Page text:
When selecting your next temperature monitoring system for your mass concrete application, its important to know the benefits and disadvantages.
When selecting your next temperature monitoring system for your mass concrete application, the first criteria to look at would be the hardware. Does the sensor have the required accuracy? How will the data be collected? How deep can it measure temperature in the element? The temperature measurement systems for concrete that are currently available in the market are categorized as:
b) Wired temperature and maturity loggers
c) Wired concrete sensors with external wireless transmitter
d) Fully embedded wireless concrete sensors
Each of these temperature monitoring systems has their advantages and disadvantages.
It is important for project managers to review these before developing their thermal control plan in a bid to ensure adequate quality control and, ultimately, to maximize their return on investment (ROI)
A concrete thermocouple consists of two wires of different metals twisted together at one end to form an electrical junction. There is a temperature-dependent voltage that is produced by the thermocouple due to its thermoelectric property. This voltage is measured by external equipment and is then used to estimate the concrete temperature. The base metal thermocouple type J and K are the most commonly used type of thermocouples in the concrete industry as they are relatively inexpensive (about $1/ft) with a wide range of temperature measurements. At one end, the two thermocouple metal wires need to be twisted together and at the other end the two wires are connected to a measuring unit. The wires need to be labelled for identification and stay connected to the external device throughout the monitoring period, until the measurement duration is completed. The individual measurements are typically displayed on the unit. Once the measurements are completed, the unit can be connected to a computer to download and analyse the data. Recently, wireless devices have been introduced that send the thermocouple measurements to the cloud or a smartphone. Although thermocouples are relatively inexpensive, they have several disadvantages that make them not suitable for use in most concrete thermal control plans.
1.) The measurement accuracy of thermocouples is relatively low. Type J and K thermocouples have a standard error limit of at least 4°F (2.2°C) for typical concrete temperature ranges. This error is more than two times higher than the minimum measurement accuracy required in most concrete temperature measurement specifications.
2.) Setting up this system is very time consuming; to cut the wires, attach them to the plug, and install in the field.
3.) Thin thermocouple wires are very prone to internal cuts and damages, and therefore measurement errors as they are typically not designed for harsh construction environments.
4.) The wires coming out of the concrete and the external unit need to be protected throughout the entire temperature measurement period. Even at a low price, the disadvantages associated with thermocouples don’t make this temperature monitoring system ideal for mass concrete applications as the installation becomes very time consuming and can be complex in certain cases because of the size of certain mass elements. More importantly, it doesn’t provide the accuracy required for measuring maximum concrete temperatures and temperature differentials, which is critical for this type of application.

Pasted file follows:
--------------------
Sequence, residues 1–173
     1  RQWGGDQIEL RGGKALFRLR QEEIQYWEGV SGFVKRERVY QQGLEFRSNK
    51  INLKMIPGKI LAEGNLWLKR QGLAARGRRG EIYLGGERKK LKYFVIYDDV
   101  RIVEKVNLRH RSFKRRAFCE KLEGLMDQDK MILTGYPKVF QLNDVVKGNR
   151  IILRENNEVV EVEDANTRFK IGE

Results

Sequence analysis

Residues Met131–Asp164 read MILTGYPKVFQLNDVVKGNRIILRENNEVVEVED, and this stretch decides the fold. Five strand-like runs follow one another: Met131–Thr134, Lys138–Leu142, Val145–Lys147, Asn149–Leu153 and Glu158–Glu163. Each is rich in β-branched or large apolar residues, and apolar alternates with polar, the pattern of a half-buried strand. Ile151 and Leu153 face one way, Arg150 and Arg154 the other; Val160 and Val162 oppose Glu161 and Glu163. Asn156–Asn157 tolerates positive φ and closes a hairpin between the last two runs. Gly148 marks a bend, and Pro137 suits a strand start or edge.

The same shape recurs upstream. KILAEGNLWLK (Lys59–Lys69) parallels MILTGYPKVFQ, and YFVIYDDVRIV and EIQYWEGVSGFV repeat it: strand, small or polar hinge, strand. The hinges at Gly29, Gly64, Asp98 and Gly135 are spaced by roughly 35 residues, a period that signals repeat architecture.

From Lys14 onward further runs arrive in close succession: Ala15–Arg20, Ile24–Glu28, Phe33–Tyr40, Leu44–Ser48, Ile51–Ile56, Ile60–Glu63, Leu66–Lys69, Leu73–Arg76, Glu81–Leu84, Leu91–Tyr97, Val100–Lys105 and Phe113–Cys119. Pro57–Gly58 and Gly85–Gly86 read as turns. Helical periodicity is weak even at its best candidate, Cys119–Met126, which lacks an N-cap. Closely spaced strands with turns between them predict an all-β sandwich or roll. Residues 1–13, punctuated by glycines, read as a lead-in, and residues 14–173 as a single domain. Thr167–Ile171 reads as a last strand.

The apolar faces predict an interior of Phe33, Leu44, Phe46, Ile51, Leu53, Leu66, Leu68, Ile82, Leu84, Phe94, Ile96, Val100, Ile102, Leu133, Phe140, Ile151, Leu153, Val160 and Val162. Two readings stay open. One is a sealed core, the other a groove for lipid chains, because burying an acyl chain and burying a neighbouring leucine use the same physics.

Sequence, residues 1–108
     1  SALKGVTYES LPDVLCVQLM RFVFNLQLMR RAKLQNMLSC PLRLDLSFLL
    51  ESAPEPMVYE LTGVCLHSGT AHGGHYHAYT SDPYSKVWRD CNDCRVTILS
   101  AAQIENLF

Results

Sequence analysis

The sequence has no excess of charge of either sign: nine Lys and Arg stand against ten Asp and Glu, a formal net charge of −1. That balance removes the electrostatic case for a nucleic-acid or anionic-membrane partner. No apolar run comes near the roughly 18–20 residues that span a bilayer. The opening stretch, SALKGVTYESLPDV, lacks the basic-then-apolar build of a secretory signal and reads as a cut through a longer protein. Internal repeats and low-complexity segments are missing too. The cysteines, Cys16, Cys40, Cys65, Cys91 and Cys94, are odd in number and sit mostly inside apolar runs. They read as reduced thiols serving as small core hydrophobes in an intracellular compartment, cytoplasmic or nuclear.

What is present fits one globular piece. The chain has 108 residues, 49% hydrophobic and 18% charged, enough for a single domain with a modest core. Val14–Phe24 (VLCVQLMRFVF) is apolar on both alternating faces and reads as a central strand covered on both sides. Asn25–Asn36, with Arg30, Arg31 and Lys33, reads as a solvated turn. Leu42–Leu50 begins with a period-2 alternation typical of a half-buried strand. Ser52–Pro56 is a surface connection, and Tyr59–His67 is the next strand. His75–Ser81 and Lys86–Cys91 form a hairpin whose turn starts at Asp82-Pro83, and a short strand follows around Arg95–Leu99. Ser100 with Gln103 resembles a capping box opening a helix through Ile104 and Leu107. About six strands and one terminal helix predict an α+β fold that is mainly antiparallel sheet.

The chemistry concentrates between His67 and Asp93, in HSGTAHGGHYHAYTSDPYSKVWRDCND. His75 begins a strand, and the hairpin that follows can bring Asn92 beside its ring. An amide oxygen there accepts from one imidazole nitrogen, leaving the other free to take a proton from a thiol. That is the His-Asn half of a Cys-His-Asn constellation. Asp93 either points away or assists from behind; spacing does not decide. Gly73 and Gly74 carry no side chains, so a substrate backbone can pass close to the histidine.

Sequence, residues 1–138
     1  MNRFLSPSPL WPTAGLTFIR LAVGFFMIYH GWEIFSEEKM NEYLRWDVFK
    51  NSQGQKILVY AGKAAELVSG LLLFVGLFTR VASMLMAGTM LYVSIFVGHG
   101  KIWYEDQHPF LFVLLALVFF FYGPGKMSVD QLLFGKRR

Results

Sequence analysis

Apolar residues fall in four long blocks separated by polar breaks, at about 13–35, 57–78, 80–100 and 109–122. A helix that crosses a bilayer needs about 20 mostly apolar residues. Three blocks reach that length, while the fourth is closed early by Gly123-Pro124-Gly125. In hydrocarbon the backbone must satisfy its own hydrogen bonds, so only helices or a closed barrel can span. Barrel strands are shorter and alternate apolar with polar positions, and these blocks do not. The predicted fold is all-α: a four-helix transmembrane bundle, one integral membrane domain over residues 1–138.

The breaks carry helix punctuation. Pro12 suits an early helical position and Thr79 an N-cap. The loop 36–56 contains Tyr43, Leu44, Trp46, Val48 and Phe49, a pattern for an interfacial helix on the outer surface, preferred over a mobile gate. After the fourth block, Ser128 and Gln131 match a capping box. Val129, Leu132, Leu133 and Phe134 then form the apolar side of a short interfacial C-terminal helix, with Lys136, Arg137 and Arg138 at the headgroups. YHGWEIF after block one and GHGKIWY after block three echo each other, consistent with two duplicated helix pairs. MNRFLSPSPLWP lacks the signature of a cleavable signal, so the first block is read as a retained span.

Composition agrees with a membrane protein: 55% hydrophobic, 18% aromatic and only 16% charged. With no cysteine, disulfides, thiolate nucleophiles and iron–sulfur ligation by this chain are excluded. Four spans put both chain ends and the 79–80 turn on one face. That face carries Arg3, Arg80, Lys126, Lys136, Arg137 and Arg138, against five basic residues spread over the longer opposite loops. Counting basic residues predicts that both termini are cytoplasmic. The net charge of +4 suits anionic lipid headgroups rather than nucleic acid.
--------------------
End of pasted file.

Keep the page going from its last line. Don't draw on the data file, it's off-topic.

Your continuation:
To address some of the challenges in thermocouple-based systems, wired temperature and maturity loggers were developed. These loggers and meters have an electronic circuit board that contains a coin-size battery with an onboard thermistor for temperature measurement. The measurements are recorded and stored on this circuit board at pre-defined intervals. For the installation of these systems in concrete elements, the logger (or the sealed circuit board) is placed at the location where the temperature measurements need to be recorded in the mass element. The connector wires are left out of the structural element. As the concrete ages, users can connect their hand-held unit to the end of the wires to download the recorded temperature values. The wires used for these types of temperature/maturity loggers are more rugged compared to thermocouples which makes them less prone to damage on the jobsite. The external unit is in a constricted environment and therefore not exposed to potential damage as it is used only when downloading the data. External devices can offer various types of data analysis in the field. For full analysis and report generation, the data needs to be downloaded to a computer.
Some of the disadvantages of this set up include:
1.) Like thermocouples, the ends of the wires need to be labelled for identification after pouring and must be protected against potential cuts or other damages on the jobsite.
2.) These types of temperature loggers do not have an electrical switch and are always turned on, so their shelf-life is limited.
3.) The industrial-grade connector cable makes these sensors bulky and difficult to install, especially when long wires are used for large structural elements.
4.) Finding the cable lead during the first few days after pouring could be challenging as there are many construction tools, materials and components being moved and displaced on the jobsite, potentially covering the cable lead.